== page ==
6. Unfriendly to immigration, even Expats
I was born in Spain, with strong influence of my family from Finland. Last 10 years I lived and become Canadian. Speak 3 languages, and so far I visited almost a third of the world. When we moved to Switzerland, we expected a country that would welcome and accept immigration as it is an integral part of their economic development. Well… not exactly! Although we encountered many friendly Swiss, the general sense you will likely get is that immigrants, independently of their country of origin, are not welcome. There is a strong campaign against immigration from different cultures displayed in the many banner ads on bus and train stations. That’s something to keep in mind if you’re moving with small children.
7. Beware of the “Golden Cage”
When you live in Switzerland as an expat you will likely hear about the term ‘golden cage’. It relates to the fact that because your compensation will be one of the highest you will ever get anywhere else in the world, and your role will likely be pretty unique, it will be extremely hard to give that up and move anywhere else. Where else will you be offered a similar role, not to mention equivalent compensation? Anyone thinking of leaving Switzerland will likely have to accept a substantial step down on $ terms and career development.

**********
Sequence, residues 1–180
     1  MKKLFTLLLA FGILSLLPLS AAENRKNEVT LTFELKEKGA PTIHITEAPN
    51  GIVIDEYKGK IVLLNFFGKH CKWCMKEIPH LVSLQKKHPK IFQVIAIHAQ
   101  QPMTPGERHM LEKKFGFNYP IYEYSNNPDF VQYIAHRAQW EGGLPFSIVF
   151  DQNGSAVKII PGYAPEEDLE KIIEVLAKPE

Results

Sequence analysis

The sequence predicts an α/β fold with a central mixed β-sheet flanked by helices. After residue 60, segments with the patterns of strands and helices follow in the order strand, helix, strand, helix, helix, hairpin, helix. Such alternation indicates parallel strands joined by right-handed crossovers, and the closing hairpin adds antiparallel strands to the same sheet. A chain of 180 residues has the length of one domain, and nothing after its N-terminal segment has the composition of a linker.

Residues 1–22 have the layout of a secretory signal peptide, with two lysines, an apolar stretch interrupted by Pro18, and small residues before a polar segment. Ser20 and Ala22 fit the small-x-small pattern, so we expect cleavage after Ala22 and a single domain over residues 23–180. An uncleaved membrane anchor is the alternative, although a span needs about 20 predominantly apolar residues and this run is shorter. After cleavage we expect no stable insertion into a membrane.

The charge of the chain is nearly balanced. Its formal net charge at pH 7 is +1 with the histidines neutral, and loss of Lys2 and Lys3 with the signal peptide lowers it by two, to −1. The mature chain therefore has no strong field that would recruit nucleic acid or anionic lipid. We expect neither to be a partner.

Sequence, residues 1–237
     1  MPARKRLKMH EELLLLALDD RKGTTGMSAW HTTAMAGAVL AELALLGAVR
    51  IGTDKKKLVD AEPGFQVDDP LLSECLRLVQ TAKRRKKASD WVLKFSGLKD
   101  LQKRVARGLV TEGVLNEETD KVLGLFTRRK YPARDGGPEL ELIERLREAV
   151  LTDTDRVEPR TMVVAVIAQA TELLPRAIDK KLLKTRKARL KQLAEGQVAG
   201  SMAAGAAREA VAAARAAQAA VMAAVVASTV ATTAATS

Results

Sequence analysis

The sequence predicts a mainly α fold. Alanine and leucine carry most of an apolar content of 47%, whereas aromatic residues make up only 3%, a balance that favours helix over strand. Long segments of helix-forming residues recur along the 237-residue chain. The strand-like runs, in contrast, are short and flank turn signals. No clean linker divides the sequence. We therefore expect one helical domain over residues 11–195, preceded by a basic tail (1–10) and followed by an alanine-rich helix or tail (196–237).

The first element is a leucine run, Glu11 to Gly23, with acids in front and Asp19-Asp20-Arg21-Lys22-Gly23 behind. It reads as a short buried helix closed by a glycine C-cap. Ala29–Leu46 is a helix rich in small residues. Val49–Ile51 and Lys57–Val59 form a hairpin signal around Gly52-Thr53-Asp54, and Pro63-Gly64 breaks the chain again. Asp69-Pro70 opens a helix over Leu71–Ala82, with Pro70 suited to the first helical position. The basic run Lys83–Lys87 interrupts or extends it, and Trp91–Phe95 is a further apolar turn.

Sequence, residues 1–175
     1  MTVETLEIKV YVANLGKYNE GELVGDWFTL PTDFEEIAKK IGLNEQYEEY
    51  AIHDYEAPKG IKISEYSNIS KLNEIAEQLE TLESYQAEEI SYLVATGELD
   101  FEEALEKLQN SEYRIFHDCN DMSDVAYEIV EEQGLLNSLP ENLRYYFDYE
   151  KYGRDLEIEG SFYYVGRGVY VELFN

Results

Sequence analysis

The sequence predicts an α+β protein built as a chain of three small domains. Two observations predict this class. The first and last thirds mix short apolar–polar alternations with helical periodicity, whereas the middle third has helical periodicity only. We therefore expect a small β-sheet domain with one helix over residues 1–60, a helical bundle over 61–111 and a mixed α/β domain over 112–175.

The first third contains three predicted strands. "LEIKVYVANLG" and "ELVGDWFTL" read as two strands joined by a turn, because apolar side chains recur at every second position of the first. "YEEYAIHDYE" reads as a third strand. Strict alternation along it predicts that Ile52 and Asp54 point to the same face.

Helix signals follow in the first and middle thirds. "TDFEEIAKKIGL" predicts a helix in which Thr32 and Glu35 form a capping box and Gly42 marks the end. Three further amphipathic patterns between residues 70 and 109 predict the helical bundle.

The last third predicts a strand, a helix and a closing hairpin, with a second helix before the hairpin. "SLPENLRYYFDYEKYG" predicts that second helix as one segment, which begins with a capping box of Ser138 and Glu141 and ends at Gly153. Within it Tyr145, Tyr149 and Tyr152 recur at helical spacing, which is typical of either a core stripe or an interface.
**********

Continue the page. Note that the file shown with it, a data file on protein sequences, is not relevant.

These are just some of the key considerations my wife and I experienced while in Switzerland, and I hope it helps anyone considering moving there. I’m sure you will do your due diligence, as we did, but nonetheless, it’s worth pointing to specific areas where to look. Moving to the German canton might change a few of these, but I’d say that generally they apply to all Switzerland.
Of course, their cheese, chocolates, incredible landscapes and endless opportunities would deserve another post in itself!
Have you lived in Switzerland yourself? How would you describe it? Please comment below!